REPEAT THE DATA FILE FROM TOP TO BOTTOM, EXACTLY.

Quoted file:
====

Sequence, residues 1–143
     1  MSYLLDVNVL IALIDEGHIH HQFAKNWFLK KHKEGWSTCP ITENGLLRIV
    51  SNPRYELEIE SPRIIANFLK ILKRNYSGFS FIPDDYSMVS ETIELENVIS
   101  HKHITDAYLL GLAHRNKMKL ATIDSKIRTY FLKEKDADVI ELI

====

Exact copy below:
Sequence, residues 1–143
     1  MSYLLDVNVL IALIDEGHIH HQFAKNWFLK KHKEGWSTCP ITENGLLRIV
    51  SNPRYELEIE SPRIIANFLK ILKRNYSGFS FIPDDYSMVS ETIELENVIS
   101  HKHITDAYLL GLAHRNKMKL ATIDSKIRTY FLKEKDADVI ELI